IF life is indeed a journey, and not a destination, then there comes a time to pause and enjoy the scenery.
Wahine take one last look
at special season
One such moment came last night, when the 1996 University of Hawaii Wahine volleyball team took one last look in the rearview mirror before continuing on life's road.
The team that took the state on its first final-four ride since 1988, said its final aloha to more than 800 friends, family members and fans who became almost like family.
Those Nike folks who said "You don't win silver, you lose gold" during the Summer Olympics obviously wouldn't have appreciated what finishing No. 2 meant to the Wahine.
Stanford may have taken home the trophy from Cleveland last month but the Cardinal players did not capture the attention or appreciation of an entire state. Years from now, when Stanford's championship rings have tarnished or no longer fit, the Wahine players will still carry the warmth of this season in their hearts.
It was truly a team effort from the start, beginning when the players voted for a captain. It ended in a three-way tie: Angelica Ljungquist, Robyn Ah Mow and Joselyn Robins.
Last night's awards again proved it, with every starter receiving an individual honor.
How do you decide which of your two All-Americans is the MVP? You don't. Seniors Ljungquist and Ah Mow, pepper partners in practice since they were freshmen, shared the award.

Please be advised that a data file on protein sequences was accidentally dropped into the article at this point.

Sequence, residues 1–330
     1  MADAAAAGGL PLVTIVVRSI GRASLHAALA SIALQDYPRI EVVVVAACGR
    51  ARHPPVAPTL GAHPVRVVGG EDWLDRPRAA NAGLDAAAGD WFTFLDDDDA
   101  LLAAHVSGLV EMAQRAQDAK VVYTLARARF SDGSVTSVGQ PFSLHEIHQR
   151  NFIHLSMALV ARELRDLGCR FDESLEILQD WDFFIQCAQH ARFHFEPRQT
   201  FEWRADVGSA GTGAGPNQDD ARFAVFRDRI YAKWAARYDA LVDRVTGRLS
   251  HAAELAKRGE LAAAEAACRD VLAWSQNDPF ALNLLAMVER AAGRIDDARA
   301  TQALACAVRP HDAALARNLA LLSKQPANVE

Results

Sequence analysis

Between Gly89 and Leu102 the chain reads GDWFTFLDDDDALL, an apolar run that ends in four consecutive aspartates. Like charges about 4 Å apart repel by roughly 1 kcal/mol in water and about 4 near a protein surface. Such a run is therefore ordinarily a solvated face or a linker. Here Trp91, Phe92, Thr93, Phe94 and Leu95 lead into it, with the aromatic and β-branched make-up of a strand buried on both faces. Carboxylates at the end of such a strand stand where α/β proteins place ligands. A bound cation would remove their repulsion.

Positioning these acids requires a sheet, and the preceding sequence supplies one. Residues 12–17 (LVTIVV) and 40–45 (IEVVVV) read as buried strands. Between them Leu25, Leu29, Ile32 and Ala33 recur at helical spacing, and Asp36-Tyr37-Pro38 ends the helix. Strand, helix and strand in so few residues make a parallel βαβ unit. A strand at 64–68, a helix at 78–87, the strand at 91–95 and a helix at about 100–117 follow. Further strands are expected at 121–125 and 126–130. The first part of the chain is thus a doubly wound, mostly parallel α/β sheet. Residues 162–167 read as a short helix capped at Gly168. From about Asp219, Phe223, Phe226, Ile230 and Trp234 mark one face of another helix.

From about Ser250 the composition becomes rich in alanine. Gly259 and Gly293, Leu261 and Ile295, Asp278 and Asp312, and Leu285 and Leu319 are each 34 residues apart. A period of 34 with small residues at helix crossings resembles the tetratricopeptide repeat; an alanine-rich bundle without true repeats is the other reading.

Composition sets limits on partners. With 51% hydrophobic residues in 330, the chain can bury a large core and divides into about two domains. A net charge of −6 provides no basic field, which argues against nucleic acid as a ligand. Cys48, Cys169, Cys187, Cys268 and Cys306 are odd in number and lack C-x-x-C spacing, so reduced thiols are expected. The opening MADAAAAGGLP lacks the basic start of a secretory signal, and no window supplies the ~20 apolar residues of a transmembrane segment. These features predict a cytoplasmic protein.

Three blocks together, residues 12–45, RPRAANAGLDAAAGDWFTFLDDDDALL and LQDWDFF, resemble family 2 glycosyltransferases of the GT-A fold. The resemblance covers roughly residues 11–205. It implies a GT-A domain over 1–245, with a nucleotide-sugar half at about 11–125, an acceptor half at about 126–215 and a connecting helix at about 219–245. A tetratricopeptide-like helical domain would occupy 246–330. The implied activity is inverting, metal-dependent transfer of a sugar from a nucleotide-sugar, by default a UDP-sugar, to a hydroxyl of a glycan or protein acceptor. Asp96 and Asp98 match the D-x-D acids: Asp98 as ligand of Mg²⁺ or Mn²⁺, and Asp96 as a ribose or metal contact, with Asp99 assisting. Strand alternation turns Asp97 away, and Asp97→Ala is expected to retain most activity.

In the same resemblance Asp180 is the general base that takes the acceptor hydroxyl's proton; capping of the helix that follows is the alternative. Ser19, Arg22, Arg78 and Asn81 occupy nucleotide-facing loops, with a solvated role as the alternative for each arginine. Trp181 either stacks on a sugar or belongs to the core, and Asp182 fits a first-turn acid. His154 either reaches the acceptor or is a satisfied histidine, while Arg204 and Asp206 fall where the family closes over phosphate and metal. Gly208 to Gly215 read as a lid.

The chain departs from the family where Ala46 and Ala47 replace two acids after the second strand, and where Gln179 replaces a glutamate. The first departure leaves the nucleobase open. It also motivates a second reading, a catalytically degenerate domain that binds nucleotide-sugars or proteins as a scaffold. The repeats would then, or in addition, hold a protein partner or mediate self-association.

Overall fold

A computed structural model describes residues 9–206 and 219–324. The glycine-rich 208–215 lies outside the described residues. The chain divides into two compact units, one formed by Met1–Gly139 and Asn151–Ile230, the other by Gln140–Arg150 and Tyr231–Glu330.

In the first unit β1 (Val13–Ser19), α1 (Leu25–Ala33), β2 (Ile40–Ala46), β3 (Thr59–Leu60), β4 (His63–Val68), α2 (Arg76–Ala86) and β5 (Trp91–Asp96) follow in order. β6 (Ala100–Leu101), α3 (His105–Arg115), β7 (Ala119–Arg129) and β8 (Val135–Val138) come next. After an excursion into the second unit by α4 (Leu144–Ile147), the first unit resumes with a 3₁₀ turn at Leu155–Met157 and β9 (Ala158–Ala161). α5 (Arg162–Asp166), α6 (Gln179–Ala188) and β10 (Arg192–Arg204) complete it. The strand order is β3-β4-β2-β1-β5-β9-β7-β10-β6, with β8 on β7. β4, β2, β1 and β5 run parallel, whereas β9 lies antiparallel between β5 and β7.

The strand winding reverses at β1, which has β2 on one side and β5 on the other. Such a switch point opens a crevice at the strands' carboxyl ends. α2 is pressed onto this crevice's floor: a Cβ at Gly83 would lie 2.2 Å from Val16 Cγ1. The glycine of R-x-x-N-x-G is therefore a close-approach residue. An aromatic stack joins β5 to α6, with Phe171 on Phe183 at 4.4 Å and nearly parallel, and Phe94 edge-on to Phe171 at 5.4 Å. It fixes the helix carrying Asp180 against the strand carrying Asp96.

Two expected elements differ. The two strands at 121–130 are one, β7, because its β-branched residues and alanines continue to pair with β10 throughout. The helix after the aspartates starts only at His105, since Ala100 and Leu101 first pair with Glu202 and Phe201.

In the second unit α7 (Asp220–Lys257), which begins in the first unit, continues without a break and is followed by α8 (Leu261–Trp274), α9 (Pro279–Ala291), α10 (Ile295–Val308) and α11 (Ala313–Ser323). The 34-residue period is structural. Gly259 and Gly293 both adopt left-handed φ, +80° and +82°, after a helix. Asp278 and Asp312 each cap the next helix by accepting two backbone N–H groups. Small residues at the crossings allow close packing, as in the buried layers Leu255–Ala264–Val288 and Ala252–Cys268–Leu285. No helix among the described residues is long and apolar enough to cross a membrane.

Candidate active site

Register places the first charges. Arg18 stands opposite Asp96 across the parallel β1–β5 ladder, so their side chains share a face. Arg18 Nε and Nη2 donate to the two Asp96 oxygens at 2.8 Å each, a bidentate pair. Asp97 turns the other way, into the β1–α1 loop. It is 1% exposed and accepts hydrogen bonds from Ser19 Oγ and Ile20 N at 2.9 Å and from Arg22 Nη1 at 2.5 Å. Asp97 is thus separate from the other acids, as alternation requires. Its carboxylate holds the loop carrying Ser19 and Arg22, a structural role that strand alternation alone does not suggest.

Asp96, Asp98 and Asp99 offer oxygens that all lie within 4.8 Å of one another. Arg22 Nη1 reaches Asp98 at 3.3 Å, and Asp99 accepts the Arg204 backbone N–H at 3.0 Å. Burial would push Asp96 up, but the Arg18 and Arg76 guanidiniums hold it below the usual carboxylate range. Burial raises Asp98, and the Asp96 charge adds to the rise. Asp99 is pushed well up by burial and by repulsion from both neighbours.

Some of the selections were givens. Senior Nalani Yamashita earned Best Defensive Player and junior Therese Crawford Best Attacker.
To outside hitter Chastity Norbriga went the Most Improved Award, which could have also been the Most Injured. The fifth-year senior thanked her father and then UH trainer Melody Toth, telling the latter, "If it wasn't for you, I'd probably be in a hospital."
One honor that bodes well for next year was junior Cia Goods being named Best Blocker. But what won't return from this 35-3 squad is the inspirational play of senior Robins.
Out of all the anecdotes coach Dave Shoji told about his players, the one about Robins drew the most chuckles. And appreciative nods, for she became the symbol of how far hard work and dedication can take someone.
"Longy Okamoto told me, 'You've got to come see this
girl,' " Shoji said of tip he got from the late Kamalii Volleyball Club coach. "He said, 'She can't play but she can sky.' "
By the end of her career, Robins could do both.
BETH McLachlin, a member of the first Wahine collegiate team in 1974, spoke of how far the program had come since her playing days. Of how her team was ranked No. 2 and headed to the nationals with little attention being given by the local media.
"I called a radio station and asked why they didn't give out our score from the night before," she recalled. "Ron Jacobs said it was because no one was interested."
How wrong he was. But even McLachlin, a multi-All-American and U.S. national team member, couldn't imagine back then how the interest would explode like a strand of 10,000 firecrackers.
Is there anyone out there who doesn't have a Wahine signature or photo?
The Hawaii players have become household names. Just ask KHNL general manager John Fink, the former play-by-play announcer for the Wahine, who told of taking his youngest son out to Baskin-Robbins for ice cream.
"We're going to Joselyn's place, right dad?" David Fink asked.
"My son will forever think that Joselyn has a chain of ice cream stores," Fink said.
The ride isn't over for these special young women. But this leg of the journey has certainly been memorable.
Cindy Luis is a Star-Bulletin sportswriter.
Her column appears weekly.